Available 23rd August 2019
How To Live is the debut album by Modern Nature (Jack Cooper, Will Young, Rupert Gillett, Aaron Nevue, Jeff Tobias) and released via Bella Union. Simon Tucker reviews.
“But the wind does not stop for my thoughts. It whips across the flooded gravel pits drumming up waves on their waters that glint hard and metallic in the night, over the shingle, rustling the dead gorse and skeletal bugloss, running in rivulets through the parched grass – while I sit here in the dark holding a candle that throws my divided shadow across the room and gathers my thoughts to the flame like moths.” Derek Jarman, Modern Nature
Urban versus rural. The expansive hills versus the high-rises. Within art there has been a lot of division between that that has been inspired by the city and that which has been created thanks to the influence of the countryside. But what if the two were to blend together? It was this very idea that inspired Jack Cooper to call his new band Modern Nature. On his way to visit the home of Derek Jarman, Cooper was struck by what he calls a “weird mix of urban and rural”. Industrial versus agricultural. Gathering a group of like-minded individuals together (Will Young, Rupert Gillett, Aaron Nevue, Jeff Tobias) Modern Nature was born and with Cooper and Young approaching the album more like a film or a play a natural narrative for the album was formed making How To Live a cyclical and heavily thematic release.
How To Live is a balancing act performed without a safety net. On the one hand you had a deep vein of melancholy and sadness yet on the other you have a much welcome dose of optimism and of hope. From start to finish the band pick you up and place you down exactly where they and you need to be. You wouldn’t have known that you needed the song Criminals in your life but once you’ve heard it you will understand. Criminals is plaintive and fragile yet incredibly moving with the strings of Rupert Gillett writing its own undercurrent of beauty whilst Young’s synth circles around and around dancing with the guitar. Music as communion.
This display of intelligence and heart carries on throughout How To Live. Opener Bloom sets a reflective tone imagining us pulling out of a pollution filled train station heading out to the coast. Maybe we’re leaving a lover or leaving ourselves behind. That piece of the narrative is up to you to draw. Don’t linger though as we switch into the chug chug motorik rhythm of Footsteps which is where Jeff Tobias first announces himself on the sax. Tobias dances in and around the main body of the song freeing himself to go where his instincts take him without losing the main idea of song-as-journey…it is the sound of rural madness smashing with the chaos of nature.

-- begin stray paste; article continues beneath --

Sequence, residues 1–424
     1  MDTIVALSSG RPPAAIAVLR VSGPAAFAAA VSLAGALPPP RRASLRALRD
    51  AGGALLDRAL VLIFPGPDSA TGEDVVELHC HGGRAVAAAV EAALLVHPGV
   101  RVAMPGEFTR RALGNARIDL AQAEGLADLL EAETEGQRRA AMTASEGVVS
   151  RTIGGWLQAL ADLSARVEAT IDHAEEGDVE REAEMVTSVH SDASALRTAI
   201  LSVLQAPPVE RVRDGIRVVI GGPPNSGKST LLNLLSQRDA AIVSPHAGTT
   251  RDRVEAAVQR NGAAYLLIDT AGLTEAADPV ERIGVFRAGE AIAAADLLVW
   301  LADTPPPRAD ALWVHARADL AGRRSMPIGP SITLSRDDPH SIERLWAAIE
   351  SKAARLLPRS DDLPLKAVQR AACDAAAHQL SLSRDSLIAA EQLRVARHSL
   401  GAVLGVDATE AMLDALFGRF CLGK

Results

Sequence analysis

It is only when you get into the middle of the album do you realise what a grip it has on you. The half-whispered vocals and the subtle instrumentation and production make How To Live one of the most meditative albums in a long time and that includes the more chaotic elements as for every disorientating Nightmares there’s the tranquility of Oracle but still…but still. You struggle to define and to express what is happening as you listen because there are no boxes you can slap on to each song. They all have a mixed personality which I suppose means that Cooper has succeed in his original idea.
How To Live is a lovely debut album that contains an abundance of elegance and charm. Due to the way it has been created it allows for much audience interpretation which is a key element to what will make this album resonate with many. Modern Nature have made a rather gorgeous and subtle album that acts like a tonic for toxic times. The dissonance of city sounds married to the breathier tones of the countryside. A marriage made in heaven.